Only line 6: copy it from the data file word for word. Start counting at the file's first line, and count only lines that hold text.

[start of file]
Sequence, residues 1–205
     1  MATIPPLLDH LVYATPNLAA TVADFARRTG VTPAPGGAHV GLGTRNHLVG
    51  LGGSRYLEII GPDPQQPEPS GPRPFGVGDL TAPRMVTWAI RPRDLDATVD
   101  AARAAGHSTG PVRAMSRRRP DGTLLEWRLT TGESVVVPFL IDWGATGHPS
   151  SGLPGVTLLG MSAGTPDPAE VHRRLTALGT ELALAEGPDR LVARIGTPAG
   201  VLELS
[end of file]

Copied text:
   201  VLELS